There were 14,197 at Shea that spring afternoon, according to the box score on Baseball Reference. The Padres, hardly a juggernaut, were in just their second season after joining the NL as an expansion club in 1969 and on their way to 99 losses.

New York Mets pitcher Tom Seaver(41) poses for a portrait at Crosley Field
New York Mets pitcher Tom Seaver(41) poses for a portrait at Crosley Field

Several Mets suggested that Seaver's record would have gotten more fanfare over the years had it come facing a powerful team. "Against a contender, it would've been mentioned more," Jerry Koosman says. "But at that time, you wished you were pitching against the Padres when they got to town."

Still, slugger Nate Colbert, who went on to hit 38 homers, was in the lineup. So was Cito Gaston, who played for 13 years in the majors and had a .907 OPS that year. Ferrara, who batted cleanup, had a couple of solid seasons on the back of his baseball card, too.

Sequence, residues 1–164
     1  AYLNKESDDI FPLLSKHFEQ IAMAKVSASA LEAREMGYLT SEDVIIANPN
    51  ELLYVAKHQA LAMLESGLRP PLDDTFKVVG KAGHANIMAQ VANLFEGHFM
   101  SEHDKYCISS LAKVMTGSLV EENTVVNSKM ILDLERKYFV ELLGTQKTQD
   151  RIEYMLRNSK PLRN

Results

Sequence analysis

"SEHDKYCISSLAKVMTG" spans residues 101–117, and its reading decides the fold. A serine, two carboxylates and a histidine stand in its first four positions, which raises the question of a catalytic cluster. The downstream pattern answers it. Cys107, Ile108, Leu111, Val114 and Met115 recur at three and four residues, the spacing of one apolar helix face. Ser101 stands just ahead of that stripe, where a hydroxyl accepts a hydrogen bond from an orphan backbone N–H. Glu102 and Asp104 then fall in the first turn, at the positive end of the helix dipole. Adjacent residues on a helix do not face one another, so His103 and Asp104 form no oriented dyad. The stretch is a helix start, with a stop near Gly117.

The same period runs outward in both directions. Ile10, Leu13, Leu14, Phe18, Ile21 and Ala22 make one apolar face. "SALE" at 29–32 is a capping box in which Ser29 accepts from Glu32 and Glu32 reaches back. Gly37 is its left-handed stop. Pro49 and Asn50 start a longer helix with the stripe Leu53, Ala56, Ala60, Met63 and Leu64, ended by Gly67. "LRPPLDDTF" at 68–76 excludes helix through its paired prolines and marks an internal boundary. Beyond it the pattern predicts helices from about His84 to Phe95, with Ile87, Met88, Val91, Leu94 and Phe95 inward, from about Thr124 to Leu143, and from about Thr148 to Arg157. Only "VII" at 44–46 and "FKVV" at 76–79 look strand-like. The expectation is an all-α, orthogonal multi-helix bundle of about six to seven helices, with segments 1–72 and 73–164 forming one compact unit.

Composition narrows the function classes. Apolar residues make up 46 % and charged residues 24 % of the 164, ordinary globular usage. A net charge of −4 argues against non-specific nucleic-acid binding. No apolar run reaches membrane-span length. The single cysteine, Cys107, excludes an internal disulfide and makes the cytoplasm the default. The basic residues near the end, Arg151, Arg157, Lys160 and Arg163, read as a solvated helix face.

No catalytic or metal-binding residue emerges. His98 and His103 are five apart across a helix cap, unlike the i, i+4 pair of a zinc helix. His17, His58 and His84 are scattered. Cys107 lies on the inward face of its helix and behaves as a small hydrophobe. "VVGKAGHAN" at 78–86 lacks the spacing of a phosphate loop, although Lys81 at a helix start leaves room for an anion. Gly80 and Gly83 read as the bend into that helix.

But other than Ferrara's solo shot in the second, the Padres got one other hit -- a fourth-inning single by Dave Campbell. Seaver walked only two batters. He retired the final 16 hitters.

"Fundamentally, I think it probably was the best game he ever pitched," says Ed Kranepool. "He was so consistent. It was (Jerry) Grote and him. Wherever Grote put his target up, Seaver hit it."

With one out in the sixth, Gaston hit the Padres' final fair ball of the day, a fly to right field. Art Shamsky caught it. "Just a lazy fly ball," Shamsky recalls.

No Mets fielder, aside from Grote, had anything to do the rest of the afternoon. "From a defensive standpoint, it was kind of a boring day, because there weren't any opportunities," Kranepool says. "After the sixth, I didn't cover first base. I stood in whatever position I was in. Totally unusual.